Vicarious Surgical (NYSE:RBOT) posted third-quarter results today that fell short of the consensus forecast on Wall Street.
The Waltham, Massachusetts-based robotics technology developer reported a net loss of $24.7 million, or -$0.20 per share, for the three months that ended Sept. 30, 2022.
That’s a narrower loss for the pre-revenue company than the company’s $45.1 million loss in Q3 2021, or-$0.49 per share.
The company said its cash burn rate for its latest quarter was $14.5 million. In addition, it had $126.8 million in cash and equivalents at the end of September.
Operating expenses increased to $22.2 million from $5.2 million in Q3 2021, while R&D spending increased to $12.1 million for the quarter compared to $5.2 million in the prior-year period.
“During the third quarter, our team completed the integration phase of the Beta 2 system build, and I’m incredibly encouraged by the results of our cadaveric testing. We look forward to showcasing the finalized system at our upcoming investor and analyst event in December,” Vicarious Surgical CEO Adam Sachs said in a news release.
The company’s technology uses proprietary human-like surgical robots combined with 3D visualization to transport surgeons inside the patient to perform minimally invasive surgery. Updates to the previous Beta 1 system focus on ergonomic changes for surgeon comfort — and improved 3D visualization, sensing and motion capabilities.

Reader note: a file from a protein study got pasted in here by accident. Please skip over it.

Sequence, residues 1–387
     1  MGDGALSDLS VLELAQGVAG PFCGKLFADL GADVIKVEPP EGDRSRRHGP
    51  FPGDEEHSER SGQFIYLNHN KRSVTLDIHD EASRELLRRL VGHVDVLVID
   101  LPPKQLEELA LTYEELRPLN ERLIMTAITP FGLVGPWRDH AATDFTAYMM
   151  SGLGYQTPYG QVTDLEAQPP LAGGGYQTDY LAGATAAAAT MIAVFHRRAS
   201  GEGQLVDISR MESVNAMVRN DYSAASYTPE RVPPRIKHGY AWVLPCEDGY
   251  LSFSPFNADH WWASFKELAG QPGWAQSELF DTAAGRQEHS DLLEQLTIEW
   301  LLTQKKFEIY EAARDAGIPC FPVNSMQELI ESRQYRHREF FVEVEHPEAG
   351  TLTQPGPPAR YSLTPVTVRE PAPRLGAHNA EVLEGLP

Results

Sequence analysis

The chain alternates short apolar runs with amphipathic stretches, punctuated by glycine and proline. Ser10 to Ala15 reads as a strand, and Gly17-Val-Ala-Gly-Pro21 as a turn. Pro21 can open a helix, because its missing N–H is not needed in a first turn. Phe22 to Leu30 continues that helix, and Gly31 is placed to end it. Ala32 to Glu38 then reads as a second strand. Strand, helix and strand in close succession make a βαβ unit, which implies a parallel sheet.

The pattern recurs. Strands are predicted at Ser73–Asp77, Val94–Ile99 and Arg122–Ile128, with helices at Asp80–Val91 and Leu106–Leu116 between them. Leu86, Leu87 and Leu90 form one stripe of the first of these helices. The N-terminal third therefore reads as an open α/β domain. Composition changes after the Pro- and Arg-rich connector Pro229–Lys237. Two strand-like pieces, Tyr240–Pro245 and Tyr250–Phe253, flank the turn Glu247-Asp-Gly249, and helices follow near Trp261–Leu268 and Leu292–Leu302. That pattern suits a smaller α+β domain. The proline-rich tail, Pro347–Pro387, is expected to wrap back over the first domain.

Investors await Vicarious Surgical’s next milestone
BTIG analysts Ryan Zimmerman and Sam Durno kept their Buy rating on the company’s stock. “We believe investors are awaiting clarity on RBOT’s clinical trial, but we also believe RBOTs next clinical milestone will be its investor event on [Dec. 6], where they will showcase the Beta 2 robotic system,” they said.
Adjusted to exclude one-time items, earnings per share were –$0.18, while analysts were looking for EPS of –$0.15.
Investors reacted by sending RBOT shares down nearly 5% to $3.53 in trading today. MassDevice’s MedTech 100 Index — which includes stocks of the world’s largest medical device companies — was roughly flat.
The company went public in September 2021, closing at $12.60 on the day of its IPO.